UUCP

  • https://en.wikipedia.org/wiki/UUCP - an abbreviation of Unix-to-Unix Copy. The term generally refers to a suite of computer programs and protocols allowing remote execution of commands and transfer of files, email and netnews between computers. Specifically, a command named uucp is one of the programs in the suite; it provides a user interface for requesting file copy operations. The UUCP suite also includes uux (user interface for remote command execution), uucico (the communication program that performs the file transfers), uustat (reports statistics on recent activity), uuxqt (execute commands sent from remote machines), and uuname (reports the UUCP name of the local system).


SLIP

  • https://en.wikipedia.org/wiki/Serial_Line_Internet_Protocol - SLIP, an encapsulation of the Internet Protocol designed to work over serial ports and modem connections. It is documented in RFC 1055. On personal computers, SLIP has been largely replaced by the Point-to-Point Protocol (PPP), which is better engineered, has more features and does not require its IP address configuration to be set before it is established. On microcontrollers, however, SLIP is still the preferred way of encapsulating IP packets due to its very small overhead.

PLIP

  • https://en.wikipedia.org/wiki/Parallel_Line_Internet_Protocol - PLIP - direct computer-to-computer communications using the parallel port normally used for connections to a printer.The Parallel Line Internet Protocol provides Link Layer services for the Internet Protocol, the protocol used for forming small local area networks and large computer networks, such as the Internet, enabling computers without standard dedicated networking hardware, such as Ethernet, but with older parallel port devices, to communicate.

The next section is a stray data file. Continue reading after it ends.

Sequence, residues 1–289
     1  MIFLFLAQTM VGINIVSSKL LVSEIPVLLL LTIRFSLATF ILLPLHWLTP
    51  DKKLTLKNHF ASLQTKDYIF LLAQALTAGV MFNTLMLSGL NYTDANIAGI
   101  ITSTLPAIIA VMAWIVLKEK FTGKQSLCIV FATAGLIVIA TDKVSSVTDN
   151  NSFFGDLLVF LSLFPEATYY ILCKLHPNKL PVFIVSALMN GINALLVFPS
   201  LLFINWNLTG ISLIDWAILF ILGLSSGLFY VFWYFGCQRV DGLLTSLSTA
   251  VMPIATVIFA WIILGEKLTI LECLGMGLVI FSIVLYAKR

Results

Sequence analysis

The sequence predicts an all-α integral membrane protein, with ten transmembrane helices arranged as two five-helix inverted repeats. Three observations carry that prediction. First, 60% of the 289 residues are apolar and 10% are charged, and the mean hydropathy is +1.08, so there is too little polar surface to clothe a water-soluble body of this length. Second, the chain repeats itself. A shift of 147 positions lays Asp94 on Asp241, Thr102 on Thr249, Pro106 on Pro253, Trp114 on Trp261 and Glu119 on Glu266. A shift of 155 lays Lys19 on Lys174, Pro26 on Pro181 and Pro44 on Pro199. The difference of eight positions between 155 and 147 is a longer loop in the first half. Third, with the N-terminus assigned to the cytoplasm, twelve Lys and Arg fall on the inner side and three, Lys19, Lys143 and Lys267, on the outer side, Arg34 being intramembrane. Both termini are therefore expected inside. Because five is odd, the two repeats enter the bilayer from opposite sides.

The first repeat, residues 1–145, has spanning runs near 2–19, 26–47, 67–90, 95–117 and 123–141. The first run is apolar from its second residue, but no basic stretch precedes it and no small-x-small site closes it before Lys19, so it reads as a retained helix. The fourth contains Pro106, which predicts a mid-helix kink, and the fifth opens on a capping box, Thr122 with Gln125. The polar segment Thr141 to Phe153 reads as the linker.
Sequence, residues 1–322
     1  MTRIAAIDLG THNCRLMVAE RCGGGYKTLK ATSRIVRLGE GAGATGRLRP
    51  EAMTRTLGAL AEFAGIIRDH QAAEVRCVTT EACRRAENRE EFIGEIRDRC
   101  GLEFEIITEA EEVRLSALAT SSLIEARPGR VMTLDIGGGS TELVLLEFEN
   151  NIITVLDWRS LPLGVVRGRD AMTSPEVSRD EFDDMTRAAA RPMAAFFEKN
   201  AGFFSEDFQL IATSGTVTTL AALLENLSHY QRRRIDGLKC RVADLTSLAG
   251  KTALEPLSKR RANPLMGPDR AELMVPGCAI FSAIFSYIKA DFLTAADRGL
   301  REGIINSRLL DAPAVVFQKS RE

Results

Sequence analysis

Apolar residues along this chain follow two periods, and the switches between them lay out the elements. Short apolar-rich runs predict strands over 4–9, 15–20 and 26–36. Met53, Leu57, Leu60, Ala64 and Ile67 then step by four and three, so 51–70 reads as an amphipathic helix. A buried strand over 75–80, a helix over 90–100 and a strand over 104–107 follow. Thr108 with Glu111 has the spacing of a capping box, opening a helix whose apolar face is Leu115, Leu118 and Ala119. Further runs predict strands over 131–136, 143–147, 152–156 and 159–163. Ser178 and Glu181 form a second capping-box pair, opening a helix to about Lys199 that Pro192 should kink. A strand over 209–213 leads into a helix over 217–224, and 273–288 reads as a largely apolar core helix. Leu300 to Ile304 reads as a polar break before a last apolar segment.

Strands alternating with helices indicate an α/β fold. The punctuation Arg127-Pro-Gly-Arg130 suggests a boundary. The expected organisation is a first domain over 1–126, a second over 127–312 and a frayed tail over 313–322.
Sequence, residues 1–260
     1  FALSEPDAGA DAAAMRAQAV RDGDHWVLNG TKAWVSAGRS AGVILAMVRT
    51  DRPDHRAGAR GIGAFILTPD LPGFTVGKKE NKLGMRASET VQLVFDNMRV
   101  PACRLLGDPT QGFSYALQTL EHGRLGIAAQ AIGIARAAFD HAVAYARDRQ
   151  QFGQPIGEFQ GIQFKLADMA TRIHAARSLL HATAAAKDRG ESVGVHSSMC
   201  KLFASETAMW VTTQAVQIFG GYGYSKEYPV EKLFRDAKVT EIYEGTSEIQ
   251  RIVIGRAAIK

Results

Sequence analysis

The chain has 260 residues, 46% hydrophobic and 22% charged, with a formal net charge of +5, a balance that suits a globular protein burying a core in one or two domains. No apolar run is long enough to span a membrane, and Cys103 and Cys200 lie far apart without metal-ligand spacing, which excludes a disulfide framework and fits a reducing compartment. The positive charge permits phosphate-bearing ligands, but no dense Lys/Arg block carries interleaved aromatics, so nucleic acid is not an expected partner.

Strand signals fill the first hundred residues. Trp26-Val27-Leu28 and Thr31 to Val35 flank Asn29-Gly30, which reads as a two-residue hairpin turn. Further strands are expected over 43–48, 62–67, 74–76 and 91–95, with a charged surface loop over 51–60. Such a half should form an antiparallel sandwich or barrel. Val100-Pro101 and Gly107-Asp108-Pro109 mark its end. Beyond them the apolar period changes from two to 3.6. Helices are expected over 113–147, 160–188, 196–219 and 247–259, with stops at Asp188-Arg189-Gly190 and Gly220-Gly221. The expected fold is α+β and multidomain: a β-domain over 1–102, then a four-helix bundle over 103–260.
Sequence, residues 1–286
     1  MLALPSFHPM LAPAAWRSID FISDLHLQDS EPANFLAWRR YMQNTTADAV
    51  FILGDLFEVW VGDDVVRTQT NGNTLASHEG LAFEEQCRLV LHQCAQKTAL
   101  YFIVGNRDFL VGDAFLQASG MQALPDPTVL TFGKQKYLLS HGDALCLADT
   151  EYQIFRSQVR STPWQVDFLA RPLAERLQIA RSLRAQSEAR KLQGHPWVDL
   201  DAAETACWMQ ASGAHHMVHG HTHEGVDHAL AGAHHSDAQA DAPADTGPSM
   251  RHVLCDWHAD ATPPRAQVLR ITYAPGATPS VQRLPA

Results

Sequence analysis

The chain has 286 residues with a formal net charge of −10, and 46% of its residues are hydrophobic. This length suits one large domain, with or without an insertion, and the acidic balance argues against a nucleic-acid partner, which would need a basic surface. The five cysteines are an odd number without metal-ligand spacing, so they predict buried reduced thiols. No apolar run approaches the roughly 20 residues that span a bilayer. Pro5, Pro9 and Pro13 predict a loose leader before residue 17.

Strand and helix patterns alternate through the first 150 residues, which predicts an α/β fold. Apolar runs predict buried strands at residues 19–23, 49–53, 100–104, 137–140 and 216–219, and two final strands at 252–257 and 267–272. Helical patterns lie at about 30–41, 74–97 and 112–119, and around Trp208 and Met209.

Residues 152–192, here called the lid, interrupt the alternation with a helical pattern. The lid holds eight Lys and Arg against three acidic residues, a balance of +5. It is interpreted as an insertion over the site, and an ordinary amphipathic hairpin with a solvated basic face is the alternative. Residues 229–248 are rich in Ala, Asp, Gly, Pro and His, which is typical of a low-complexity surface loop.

PPP

  • https://en.wikipedia.org/wiki/Point-to-Point_Protocol - PPP - a data link protocol used to establish a direct connection between two nodes. It can provide connection authentication, transmission encryption (using ECP, RFC 1968), and compression. PPP is used over many types of physical networks including serial cable, phone line, trunk line, cellular telephone, specialized radio links, and fiber optic links such as SONET. PPP is also used over Internet access connections. Internet service providers (ISPs) have used PPP for customer dial-up access to the Internet, since IP packets cannot be transmitted over a modem line on their own, without some data link protocol. Two derivatives of PPP, Point-to-Point Protocol over Ethernet (PPPoE) and Point-to-Point Protocol over ATM (PPPoA), are used most commonly by Internet Service Providers (ISPs) to establish a Digital Subscriber Line (DSL) Internet service connection with customers.

Audio / ultrasonic

quiet

Quietnet

XTAudioBeacons

sonicnet.js

CUE

wave-share

  • https://github.com/ggerganov/wave-share - A proof-of-concept for WebRTC signaling using sound. Works with all devices that have microphone + speakers. Runs in the browser.Nearby devices negotiate the WebRTC connection by exchanging the necessary Session Description Protocol (SDP) data via a sequence of audio tones. Upon successful negotiation, a local WebRTC connection is established between the browsers allowing data to be exchanged via LAN. [10]

Ggwave